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MediaPunch / AP

Stephen Bannon was removed from the National Security Council yesterday in a surprise move that suggested the Trump team is turning on Bannon, the president's chief strategist and longtime ally. Here's what we know:

Bloomberg News' Jennifer Jacobs broke the story on Wednesday, noting Trump "reorganized his National Security Council" by removing Bannon.

Drudge Report bannered the Bannon news for most of the day yesterday: "BANNON LOSES POWER IN WHITE HOUSE SHAKEUP."

Trump was reportedly annoyed with the "President Bannon" narrative that emerged from the credit Bannon received for setting Trump's agenda, several associates told NYT. The NYT also pointed out that Bannon's nationalist agenda was hurting Trump.

"He didn't belong on the principals committee to begin with — doesn't really belong in the White House at all," said Representative Adam B. Schiff.

His removal was long-planned, per The Atlantic's Rosie Gray. A White House Official told her that Bannon's role was to "de-operationalize" the NSC from Susan Rice and that Trump had planned to remove Bannon since the beginning of his administration.

The narrative of a mutual decision between Bannon and the WH seems misleading, tweets POLITICO's Eiliana Johnson. "If Bannon was placed on NSC temporarily to 'deoperationalize' it (whatever that means), why wouldn't WH have said that at the outset?"

Bannon reportedly threatened to resign, several outlets noted. "If my talents aren't needed here, I can take them somewhere else," he reportedly said.

GOP mega-donor Rebekah Mercer tried to convince Bannon not to quit, arguing this move is part of a "long-term play," POLITICO reported. However, Bannon told POLITICO that news of his threats to resign are "total nonsense."

One Republican close to Bannon said, per Fox News:

It hasn't all been fun, and I know he's been frustrated.

Jared Kushner could have helped remove Bannon from the NSC, according to POLITICO. Kushner had reportedly complained about Bannon and his desire to "deconstruct the government," which he thought was hurting Trump.

"Bannon has pushed Trump toward a more isolationist policy that holds an especially dark view of the Muslim world," and his nationalistic views have made him an easy target for White House critics, writes the LA Times.

What this says about the White House: Trump and his administration are moving away "from the more hard-line ideological bent of Bannon," per CNN.

"Overall, if the thrust of all of these changes is that Steve Bannon has been removed from the NSC and the principals committee and replaced by Dina Powell... that may show you that the White House is heading in a slightly different direction in terms of decision-making," said John B. Bellinger III, George W. Bush's former legal advisor to the NSC, to WaPo.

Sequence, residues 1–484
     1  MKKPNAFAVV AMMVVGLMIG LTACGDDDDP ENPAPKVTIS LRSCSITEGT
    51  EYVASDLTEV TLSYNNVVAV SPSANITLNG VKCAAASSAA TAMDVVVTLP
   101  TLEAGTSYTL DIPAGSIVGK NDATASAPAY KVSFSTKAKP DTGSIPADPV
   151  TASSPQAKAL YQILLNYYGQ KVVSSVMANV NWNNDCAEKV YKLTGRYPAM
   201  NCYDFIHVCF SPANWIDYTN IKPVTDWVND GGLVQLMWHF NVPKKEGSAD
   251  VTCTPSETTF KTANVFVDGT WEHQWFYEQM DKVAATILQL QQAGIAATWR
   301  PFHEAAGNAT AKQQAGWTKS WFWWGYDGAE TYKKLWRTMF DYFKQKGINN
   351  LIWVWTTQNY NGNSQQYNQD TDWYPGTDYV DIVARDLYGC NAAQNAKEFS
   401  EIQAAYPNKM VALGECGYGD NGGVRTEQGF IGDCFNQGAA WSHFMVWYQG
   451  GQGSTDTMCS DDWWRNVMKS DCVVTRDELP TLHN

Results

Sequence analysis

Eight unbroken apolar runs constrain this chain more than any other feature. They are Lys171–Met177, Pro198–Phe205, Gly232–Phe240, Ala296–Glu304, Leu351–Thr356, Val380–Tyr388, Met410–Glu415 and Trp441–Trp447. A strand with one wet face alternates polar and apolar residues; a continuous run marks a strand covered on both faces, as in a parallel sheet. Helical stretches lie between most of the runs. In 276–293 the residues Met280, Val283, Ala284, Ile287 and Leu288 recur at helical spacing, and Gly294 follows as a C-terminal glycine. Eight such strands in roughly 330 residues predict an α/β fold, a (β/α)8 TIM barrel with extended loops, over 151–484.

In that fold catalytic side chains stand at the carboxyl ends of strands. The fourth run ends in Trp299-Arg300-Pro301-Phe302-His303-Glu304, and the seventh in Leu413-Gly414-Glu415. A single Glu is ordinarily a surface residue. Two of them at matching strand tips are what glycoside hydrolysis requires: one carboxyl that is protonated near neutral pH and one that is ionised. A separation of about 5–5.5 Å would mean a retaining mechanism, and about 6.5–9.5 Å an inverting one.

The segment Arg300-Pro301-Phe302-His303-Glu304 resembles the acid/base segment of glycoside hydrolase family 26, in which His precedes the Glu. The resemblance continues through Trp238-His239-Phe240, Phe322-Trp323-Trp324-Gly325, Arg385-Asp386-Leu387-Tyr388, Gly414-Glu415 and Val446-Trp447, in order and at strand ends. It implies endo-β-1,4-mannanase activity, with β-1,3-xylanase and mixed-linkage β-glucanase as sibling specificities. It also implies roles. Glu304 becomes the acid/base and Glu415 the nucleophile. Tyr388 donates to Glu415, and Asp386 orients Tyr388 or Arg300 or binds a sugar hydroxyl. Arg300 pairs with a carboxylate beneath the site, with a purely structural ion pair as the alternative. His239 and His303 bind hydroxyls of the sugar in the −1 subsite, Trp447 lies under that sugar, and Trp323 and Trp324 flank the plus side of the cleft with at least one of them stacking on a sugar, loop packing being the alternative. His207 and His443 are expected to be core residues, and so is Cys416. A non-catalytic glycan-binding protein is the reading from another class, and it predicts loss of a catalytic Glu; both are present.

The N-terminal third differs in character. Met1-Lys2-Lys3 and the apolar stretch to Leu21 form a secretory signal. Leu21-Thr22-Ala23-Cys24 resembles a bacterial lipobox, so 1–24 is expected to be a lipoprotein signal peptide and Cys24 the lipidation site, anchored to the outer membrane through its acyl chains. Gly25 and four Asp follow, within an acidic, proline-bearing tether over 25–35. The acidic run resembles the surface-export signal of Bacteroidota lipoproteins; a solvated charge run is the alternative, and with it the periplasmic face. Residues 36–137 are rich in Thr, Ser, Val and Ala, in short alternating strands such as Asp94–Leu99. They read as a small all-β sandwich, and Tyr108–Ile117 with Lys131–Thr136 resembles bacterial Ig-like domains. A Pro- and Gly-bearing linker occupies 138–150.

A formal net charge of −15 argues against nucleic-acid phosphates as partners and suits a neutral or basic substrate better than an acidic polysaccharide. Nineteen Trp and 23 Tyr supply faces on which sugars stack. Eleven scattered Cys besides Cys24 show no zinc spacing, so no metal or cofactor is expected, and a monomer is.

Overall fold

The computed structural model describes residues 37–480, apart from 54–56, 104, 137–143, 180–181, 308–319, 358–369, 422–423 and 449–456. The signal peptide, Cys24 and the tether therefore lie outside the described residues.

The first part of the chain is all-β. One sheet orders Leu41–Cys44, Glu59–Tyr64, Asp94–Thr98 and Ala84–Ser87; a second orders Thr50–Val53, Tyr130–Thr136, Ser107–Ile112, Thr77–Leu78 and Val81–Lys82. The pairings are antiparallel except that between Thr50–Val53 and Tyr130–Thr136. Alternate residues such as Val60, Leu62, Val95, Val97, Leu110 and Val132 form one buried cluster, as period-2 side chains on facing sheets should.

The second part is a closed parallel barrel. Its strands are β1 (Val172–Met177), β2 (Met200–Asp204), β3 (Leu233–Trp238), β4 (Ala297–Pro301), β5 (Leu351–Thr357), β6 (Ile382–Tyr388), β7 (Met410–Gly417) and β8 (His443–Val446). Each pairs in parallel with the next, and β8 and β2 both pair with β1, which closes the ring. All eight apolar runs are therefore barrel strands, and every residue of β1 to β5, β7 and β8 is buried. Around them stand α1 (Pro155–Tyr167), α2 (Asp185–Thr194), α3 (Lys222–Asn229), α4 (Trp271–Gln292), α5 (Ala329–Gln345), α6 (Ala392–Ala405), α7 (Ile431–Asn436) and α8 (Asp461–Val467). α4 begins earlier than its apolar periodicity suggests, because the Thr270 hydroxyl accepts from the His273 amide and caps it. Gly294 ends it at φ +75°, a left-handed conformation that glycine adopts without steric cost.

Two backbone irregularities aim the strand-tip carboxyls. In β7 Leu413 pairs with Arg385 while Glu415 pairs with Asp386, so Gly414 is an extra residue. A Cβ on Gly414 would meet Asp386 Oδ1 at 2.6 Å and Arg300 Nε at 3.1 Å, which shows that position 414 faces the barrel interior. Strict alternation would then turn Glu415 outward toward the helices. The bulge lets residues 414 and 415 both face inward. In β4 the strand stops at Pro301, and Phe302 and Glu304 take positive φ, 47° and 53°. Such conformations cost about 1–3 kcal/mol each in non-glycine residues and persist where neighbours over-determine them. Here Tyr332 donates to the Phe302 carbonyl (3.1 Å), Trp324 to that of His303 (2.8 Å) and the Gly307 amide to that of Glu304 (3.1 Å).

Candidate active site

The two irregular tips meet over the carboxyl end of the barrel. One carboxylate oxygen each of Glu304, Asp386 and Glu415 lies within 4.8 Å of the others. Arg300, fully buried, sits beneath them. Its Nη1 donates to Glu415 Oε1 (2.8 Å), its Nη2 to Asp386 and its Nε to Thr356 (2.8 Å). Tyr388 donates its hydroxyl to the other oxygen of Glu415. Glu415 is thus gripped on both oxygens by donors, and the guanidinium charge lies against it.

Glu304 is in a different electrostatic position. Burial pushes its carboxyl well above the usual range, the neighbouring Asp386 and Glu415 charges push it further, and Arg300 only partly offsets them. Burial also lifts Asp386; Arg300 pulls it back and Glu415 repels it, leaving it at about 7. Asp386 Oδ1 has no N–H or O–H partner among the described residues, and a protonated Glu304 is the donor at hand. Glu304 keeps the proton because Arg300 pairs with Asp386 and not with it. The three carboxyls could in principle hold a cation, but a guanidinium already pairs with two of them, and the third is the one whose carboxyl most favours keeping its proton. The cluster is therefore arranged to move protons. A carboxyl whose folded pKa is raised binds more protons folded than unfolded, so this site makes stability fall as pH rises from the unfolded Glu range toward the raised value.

Go deeper

In photos: Protests outside fortified capitols draw only small groups

Armed members of the far-right extremist group the Boogaloo Bois near the Michigan Capitol Building in Lansing on Jan. 17. About 20 protesters showed up, AP notes. Photo: Seth Herald/AFP via Getty Images

Small groups of protesters rallied outside fortified statehouses over the weekend ahead of President-elect Joe Biden's inauguration Wednesday.

The big picture: Some protests attracted armed members of far-right extremist groups but there were no reports of clashes, as had been feared. The National Guard and law enforcement outnumbered demonstrators, as security was heightened around the U.S. to avoid a repeat of the Jan. 6 U.S. Capitol riots, per AP.

6 hours ago - Politics & Policy

Trump to issue at least 100 pardons and commutations before leaving office

Photo: Mandel Ngan/AFP via Getty Images

President Trump plans to issue at least 100 pardons and commutations on his final full day in office Tuesday, sources familiar with the matter told Axios.

Why it matters: This is a continuation of the president's controversial December spree that saw full pardons granted to more than two dozen people — including former Trump campaign chair Paul Manafort, longtime associate Roger Stone and Charles Kushner, the father of Trump's senior adviser and son-in-law, Jared Kushner.

  • The pardons set to be issued before Trump exits the White House will be a mix of criminal justice ones and pardons for people connected to the president, the sources said.
  • CNN first reported this news.

Go deeper: Convicts turn to D.C. fixers for Trump pardons

Schumer's m(aj)ority checklist

Senate Minority Leader Chuck Schumer. Photo: Tasos Katopodis/Getty Images

Capitalizing on the Georgia runoffs, achieving a 50-50 Senate and launching an impeachment trial are weighty to-dos for getting Joe Biden's administration up and running on Day One.

What to watch: A blend of ceremonies, hearings and legal timelines will come into play on Tuesday and Wednesday so Chuck Schumer can actually claim the Senate majority and propel the new president's agenda.